City Woman: Tap into power of your own energyBy Leigh Mencarini
August 13, 2010
Little has been left unsaid about the need to save the earth’s energy. But are we aware of the energy within ourselves?
I’m talking about qi – the flow of energy present in living things, according to ancient Chinese culture. A little lost? So was I.
But Gerry O’Connor, a qi gong healer, reiki master and British tai chi champion, explains you needn’t believe in it to feel the benefits.
“It all works on a holistic principle,” says Gerry, 59.
“It can work for anyone – although it might take a bit longer if people don’t believe because they put a barrier up. It is easier if you can relax.”
I met Gerry at his home in Mayfield Road, Caversham, to find out more about his “ancient cures for modern problems” – which he attributes to the qi “not flowing properly”.
Gerry combines martial, healing and spiritual arts to provide his unique form of therapy, Bud-Tao Energy Arts.
These are taken from the systems used by Buddhist or Taoist practitioners, although there is no religious bias in how he teaches or works.
Most of us are aware of at least two of the four main traditional Chinese medicinal practices; acupuncture and herbal. However, Gerry offers the lesser known two; tui na massage – a therapeutic, remedial and sports massage, and qi gong (or chi kung), which is energy healing and exercise.
He says these can help treat joint or muscle problems, and physical pain such as migraine, irritable bowel syndrome (IBS) or menstrual problems.
It can also treat mental or emotional problems as well as help with general wellness by balancing the yin and yang energies of the body.
But how does he harness, use or master this energy?
Having practised martial arts since the late 80s, Gerry was quick to demonstrate – with an egg from the fridge.
“Qi gong teaches us how to use energy, not just force,” he says, kneeling on the floor with a leather sports cushion at his knees. With his hand empty, he wallops it with incredible power.
“When you hit with power, your muscles tense,” he explains, “but when you hit with energy, they don’t.”
Then with the egg sat loosely in his palm, Gerry raises his arm above his head, and – bam! – whacks down his fist on the cushion. The egg is intact.
“The energy used for fighting is the same as is used for healing. It’s just a different way of using it.”
Gerry focuses his energy on unblocking the 12 meridians; points along the arms and legs where qi flows. Blockages are said to cause physiological and emotional disharmony. Massage, or focusing energy or pressure on the area, can help.
It’s something Gerry has benefited from himself, after suffering a sports injury – so much so, he then went to Malaysia in 1993 to train for six months in energy arts.
“It changed my life and I have to say it needed to change,” he explains.
“I’d had an operation on my leg and two major operations on my shoulder. I was told my active sporting career was over.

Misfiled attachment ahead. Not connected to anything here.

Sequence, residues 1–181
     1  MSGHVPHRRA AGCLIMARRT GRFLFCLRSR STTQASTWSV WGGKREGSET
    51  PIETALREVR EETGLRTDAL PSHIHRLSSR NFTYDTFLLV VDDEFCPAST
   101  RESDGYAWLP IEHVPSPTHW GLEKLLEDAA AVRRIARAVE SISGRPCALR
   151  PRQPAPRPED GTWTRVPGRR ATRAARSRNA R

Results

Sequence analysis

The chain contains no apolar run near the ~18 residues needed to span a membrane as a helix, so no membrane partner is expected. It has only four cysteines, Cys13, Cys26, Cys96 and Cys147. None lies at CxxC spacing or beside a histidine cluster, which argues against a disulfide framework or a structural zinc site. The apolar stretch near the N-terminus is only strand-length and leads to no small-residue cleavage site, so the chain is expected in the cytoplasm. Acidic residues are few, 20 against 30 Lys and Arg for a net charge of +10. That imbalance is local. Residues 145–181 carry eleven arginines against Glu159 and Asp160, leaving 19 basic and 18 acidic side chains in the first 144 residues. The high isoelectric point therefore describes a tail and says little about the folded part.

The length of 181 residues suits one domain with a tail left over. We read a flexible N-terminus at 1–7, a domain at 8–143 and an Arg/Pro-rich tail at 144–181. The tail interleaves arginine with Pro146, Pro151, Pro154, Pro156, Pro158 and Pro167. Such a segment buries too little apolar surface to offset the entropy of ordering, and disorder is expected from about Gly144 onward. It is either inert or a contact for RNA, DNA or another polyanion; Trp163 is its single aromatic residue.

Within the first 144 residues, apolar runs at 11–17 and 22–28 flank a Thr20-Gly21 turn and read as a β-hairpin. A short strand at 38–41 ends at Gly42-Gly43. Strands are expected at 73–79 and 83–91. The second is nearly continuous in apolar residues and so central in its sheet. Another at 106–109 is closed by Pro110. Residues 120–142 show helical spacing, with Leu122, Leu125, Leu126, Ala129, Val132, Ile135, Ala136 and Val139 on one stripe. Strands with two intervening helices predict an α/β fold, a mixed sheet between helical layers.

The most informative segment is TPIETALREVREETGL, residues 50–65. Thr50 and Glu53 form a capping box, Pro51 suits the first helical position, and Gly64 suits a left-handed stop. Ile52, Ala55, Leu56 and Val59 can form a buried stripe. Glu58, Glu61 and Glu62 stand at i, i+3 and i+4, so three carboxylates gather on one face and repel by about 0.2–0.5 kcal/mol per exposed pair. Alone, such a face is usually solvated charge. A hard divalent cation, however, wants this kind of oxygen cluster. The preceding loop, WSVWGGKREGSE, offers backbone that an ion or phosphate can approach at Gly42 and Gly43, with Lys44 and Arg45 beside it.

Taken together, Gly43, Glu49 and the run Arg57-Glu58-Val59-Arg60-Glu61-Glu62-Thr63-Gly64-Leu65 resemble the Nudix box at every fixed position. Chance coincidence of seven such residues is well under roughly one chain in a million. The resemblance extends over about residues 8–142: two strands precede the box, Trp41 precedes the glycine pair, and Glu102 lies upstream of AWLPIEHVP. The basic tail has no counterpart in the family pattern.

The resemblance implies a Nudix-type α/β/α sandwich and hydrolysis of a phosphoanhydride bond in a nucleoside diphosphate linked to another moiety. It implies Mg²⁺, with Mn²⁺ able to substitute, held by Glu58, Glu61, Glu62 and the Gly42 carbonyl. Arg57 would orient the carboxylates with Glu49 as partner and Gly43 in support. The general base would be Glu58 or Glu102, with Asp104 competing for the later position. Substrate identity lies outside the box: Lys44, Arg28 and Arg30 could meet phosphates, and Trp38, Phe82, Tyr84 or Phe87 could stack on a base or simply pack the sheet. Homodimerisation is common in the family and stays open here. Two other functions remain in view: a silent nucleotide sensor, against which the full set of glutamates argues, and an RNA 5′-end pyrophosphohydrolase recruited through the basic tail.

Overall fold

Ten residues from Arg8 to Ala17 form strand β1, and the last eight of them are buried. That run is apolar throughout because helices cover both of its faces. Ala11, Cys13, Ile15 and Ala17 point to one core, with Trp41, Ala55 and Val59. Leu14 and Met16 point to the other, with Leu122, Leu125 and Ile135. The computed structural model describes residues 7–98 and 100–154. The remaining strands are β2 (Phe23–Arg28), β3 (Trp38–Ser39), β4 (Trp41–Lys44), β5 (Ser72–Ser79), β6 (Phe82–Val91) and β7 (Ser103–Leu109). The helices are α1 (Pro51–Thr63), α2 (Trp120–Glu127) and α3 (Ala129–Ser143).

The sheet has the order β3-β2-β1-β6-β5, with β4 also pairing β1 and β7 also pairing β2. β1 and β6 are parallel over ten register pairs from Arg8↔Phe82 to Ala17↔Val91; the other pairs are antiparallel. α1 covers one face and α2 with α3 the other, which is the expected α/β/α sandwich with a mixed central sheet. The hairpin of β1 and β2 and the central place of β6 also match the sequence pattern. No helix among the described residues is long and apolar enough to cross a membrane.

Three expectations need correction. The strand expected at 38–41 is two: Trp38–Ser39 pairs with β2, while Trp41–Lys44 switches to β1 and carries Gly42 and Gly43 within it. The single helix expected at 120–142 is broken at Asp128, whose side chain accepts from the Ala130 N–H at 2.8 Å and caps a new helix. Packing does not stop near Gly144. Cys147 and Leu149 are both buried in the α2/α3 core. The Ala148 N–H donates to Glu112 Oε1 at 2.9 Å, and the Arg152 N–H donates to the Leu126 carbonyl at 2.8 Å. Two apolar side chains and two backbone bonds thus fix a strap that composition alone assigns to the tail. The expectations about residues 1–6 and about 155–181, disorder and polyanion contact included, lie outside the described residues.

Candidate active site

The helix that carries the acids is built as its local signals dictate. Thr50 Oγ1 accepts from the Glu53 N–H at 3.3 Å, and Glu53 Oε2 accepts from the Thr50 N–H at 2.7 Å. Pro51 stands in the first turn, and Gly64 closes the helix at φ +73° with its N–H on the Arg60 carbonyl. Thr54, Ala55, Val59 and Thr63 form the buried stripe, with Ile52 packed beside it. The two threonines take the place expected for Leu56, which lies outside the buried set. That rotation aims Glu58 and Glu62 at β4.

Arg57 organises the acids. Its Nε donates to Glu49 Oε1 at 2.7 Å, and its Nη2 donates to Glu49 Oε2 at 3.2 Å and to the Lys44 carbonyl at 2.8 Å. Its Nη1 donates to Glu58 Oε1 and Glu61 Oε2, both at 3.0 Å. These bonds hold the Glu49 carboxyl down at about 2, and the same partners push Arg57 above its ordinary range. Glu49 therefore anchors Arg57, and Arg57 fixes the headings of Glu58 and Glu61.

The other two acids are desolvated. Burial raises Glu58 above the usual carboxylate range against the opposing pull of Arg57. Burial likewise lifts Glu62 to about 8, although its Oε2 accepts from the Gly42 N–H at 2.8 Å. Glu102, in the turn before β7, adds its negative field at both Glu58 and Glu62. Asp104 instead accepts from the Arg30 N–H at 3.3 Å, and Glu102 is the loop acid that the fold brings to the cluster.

“So I drank, and I got fatter, and I drank some more, and then I decided it wasn’t on. So I found a tai chi class and it all started from there.”
Dad-of-four Gerry ended his lucrative 20-year career in IT to pursue energy arts. His teaching has taken him all over the world, to Europe, the Far East and Australasia.
“My kids say that even though I’m earning less money, I smile more now than ever before,” he says.
“Don’t get me wrong, sometimes I have the odd day. But most of the time I feel like I’m in my 40s.”
Gerry also uses energy arts as part of his volunteer work for Sue Ryder, and he takes it to corporate environments, helping office workers relax before they start their day.
“It is changing people’s attitudes,” he says.
“If someone gets 15 minutes to relax, they feel like they’re getting something from the company, they are more focused and more connected and they work better.”
But he admits people can struggle to believe in the power of energy – the western world especially demands “proof” of the benefits.
“A lot of the proof is how the people themselves feel afterwards,” he tells me.
“People tend to think good health is all about fitness and muscles – it’s not, that’s just one part of it.
“In the west, people want it ‘fixed now’. But you have to be patient and you have to work at it.
“It’s not a one-stop cure. If something has taken you 20 years to block up, you can’t expect it to be fixed in five minutes.”
So when a problem manifests itself physically, Gerry sees it as the body’s way of saying it is the “last chance” to deal with it.
“It has to get more aggressive for you to notice it,” he says. “So you have to acknowledge problems, then work on them.
“What Bud-Dao Energy Arts does is allow you to accept the fact it’s not going to be fixed overnight, work on it, and then go off and look after yourself.
“It’s about creating proactive healthcare.”